I just got off the subway after a topsy turvy day on Roosevelt Island with the boys and our small group of buddies.
It also happened to be the hottest day of “summer” on this second day of September, the day after Labor Day.
I learned that I should follow my gut about certain excursions with the kids, like the Rockettes Christmas show that Micah wasn’t ready for, a Central Park picnic I didn’t take a stroller to, the 12 hour day in Manhattan, and several others in the Kim Outings Hall of Fame.
Despite a nagging feeling to pass on this group excursion, I went because I wanted to catch our buddies before our respective first days of school. I couldn’t shake this feeling that it was going to be a tough, raisin-in-the-sun type of long day with unexpected stressors.
Oh, and it was going to be a humid 92 degrees out, but I wanted to seem down!
The subway elevator that went eastbound from Roosevelt Island was unexpectedly broken on our way back home, after tram rides, playground, my failed attempts to feed them, sprinkler fun, rest stops, sunscreen applications, and bathroom breaks. And stroller protests. And my eye abrasion/infection that showed up out of nowhere.
Did I mention 92 degrees?
Our other little buddies went home earlier and didn’t need the elevator because they either didn’t have a stroller or had a Daddy to carry down their Strollerus Prime.
My friend and I were forced to take the only working elevator down to catch a train in the OPPOSITE direction, westbound into Manhattan, farther from home, to get to another elevator subway stop in Manhattan that would eventually take us in the right direction.
Of course, by then, it turned out to be rush hour so we were lucky to even be able to fit our huge doublestrollers onto the subway at all.
As I was shoving my butt into a seated passenger’s face in order to fix Micah’s stroller seat, the young man asked, “Would you like to sit down so you can fix his seat?” I thanked him profusely and we got to chatting, while my friend was crammed in on the other side of the subway car.
He ended up telling me his story. I love stories.
He is a 21 year-old Puerto Rican from East New York and he just got released from his second prison term. We chatted about our respective days, first about how we were experiencing different types of exhaustion, then onto racial dynamics and implications (one of my favorite topics), his time in prison, NYC, God, and more.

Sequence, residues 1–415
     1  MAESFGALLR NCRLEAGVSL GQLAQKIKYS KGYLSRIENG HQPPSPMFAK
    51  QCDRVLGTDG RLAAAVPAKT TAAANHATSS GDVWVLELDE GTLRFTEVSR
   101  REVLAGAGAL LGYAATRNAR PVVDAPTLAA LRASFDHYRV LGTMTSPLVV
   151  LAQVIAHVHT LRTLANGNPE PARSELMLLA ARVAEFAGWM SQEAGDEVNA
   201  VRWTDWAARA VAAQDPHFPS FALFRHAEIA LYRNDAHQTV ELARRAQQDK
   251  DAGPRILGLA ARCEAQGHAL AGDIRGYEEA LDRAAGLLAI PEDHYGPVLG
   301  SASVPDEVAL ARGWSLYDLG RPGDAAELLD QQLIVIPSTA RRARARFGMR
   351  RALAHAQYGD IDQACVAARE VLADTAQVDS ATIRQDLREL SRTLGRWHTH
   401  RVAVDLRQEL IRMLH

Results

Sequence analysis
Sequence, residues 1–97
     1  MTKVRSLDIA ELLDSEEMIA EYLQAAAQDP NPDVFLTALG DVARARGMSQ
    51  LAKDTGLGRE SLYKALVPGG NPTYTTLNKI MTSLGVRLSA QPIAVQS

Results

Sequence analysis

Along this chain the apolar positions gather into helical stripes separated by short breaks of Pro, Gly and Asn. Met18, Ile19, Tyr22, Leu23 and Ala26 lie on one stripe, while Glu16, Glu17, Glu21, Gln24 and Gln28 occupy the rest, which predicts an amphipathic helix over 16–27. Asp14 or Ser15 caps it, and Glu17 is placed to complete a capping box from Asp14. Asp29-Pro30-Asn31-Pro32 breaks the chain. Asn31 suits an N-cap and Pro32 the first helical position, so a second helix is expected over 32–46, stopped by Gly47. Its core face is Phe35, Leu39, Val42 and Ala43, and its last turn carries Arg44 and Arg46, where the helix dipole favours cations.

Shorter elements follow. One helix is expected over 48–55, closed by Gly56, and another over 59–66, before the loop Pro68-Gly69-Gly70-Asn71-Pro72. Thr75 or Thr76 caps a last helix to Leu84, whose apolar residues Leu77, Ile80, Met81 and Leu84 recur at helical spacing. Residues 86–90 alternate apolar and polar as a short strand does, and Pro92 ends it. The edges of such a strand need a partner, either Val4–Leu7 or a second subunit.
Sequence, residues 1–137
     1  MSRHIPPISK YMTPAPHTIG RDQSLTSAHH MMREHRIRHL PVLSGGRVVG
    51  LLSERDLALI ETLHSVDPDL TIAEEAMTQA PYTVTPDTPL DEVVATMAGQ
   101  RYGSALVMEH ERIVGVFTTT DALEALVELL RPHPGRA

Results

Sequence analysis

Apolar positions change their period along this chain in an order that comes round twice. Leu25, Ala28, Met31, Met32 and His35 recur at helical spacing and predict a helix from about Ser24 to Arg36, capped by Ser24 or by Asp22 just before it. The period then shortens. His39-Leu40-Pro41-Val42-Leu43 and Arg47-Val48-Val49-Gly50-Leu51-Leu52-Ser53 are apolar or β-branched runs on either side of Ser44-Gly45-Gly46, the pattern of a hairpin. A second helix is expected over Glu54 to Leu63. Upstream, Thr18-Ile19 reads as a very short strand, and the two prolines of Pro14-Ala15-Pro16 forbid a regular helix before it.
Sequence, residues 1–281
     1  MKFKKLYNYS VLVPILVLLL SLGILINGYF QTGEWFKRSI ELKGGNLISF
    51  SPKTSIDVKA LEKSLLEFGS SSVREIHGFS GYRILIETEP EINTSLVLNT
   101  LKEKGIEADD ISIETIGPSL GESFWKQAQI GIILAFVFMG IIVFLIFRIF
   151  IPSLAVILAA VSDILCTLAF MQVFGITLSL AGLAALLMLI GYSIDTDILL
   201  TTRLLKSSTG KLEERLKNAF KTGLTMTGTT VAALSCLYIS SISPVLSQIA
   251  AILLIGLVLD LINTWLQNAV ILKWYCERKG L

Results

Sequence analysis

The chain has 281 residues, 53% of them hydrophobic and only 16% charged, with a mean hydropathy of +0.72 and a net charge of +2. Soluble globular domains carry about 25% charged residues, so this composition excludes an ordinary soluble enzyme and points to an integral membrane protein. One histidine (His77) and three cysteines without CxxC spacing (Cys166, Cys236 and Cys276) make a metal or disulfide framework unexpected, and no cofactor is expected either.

I noticed that my stop was coming up so I said, “I’m totally gonna have to interrupt you to ask you a question as a mama. When you look back at your life, what do you think could have helped you stay up? What could have helped you from going down this particular path? I have to ask because I’m the mama of these two young men konked out in the stroller and I gotta do right by them.”
I confess I was fishing for an affirmation in the form of, “If only my mama had been a stay-at-home mom until I was at least five years old, taking me to museums and playgrounds all over NYC, including the Roosevelt Island tram on a hot day like today.”
Idle time. He had gotten into trouble because he lived in a bad neighborhood and was bored after school let out. He didn’t have an afterschool center where he could have discovered creative outlets for his restless energy.
This conversation with a perfect stranger on the subway is still percolating. I had already been thinking a lot about the different trajectories our lives take.
Our head pastor is also Puerto Rican and from East New York. Rich has mad Brooklyn pride, always trying to hoot and holler, “I’m from BROOKLYN, y’all” any chance he gets when he preaches. In fact, HE GREW UP ON THE SAME BLOCK as the young man I met on the subway!
Somehow, Rich was able to stay out of trouble and today, he is a pastor of a deeply impactful church in Elmhurst, Queens.
Though Rich is a bright dude, it wasn’t that he was simply “better” or smarter than the Subway Guy.
Sure, one can argue that we all have to take personal responsibility for our choices but it isn’t so black and white. The factors that lead to the different paths our lives take include different influences, decisions or series of decisions, missteps, a case of wrong-place-at-the-wrong-time, serendipitous good fortune, and most of all, timing.
Any one of these things can change the entire arc of our lives.
Ultimately, he was the only one who could take responsibility for certain choices that he made. However, different factors were at play to shape the mind of a young boy in the projects, leading up to his being incarcerated at the age of 16, then again at age 19.
I have always been fascinated by how so many different “ingredients” make up our lives and trajectory they take.
The family we are born into. The class we’re born into. The country we’re born into. The person we end up marrying. Having children. If those children have special needs or become ill. Just to name a few.
Sometimes, I wonder, what if I hadn’t met and fallen for this boy from CT/NY? What if Kevin hadn’t met this crazy girl from Cali? What if neither one of us had ever gone to law school? (Then we wouldn’t have such student loans! But I digress…)
And also about the future, “What is our family’s vision? Is our next step only to move into a bigger, nicer space and live the picket fence dream or should we do something radical and countercultural?”
Though I often wonder, “How did they get here?” about others, like the young man on the subway and millionaires, the pressing question I am grappling with these days is, “What is next, Lord? What am I called to do? Who am I called to be?”
But right now, I am called to join my family for dinner.
What a nice, contemplative piece!
What a pleasure it is to share a slice of life with a perfect stranger. I’m so glad for both you and Subway Guy that you had that interaction. Glad you made it back home ok after all that craziness too!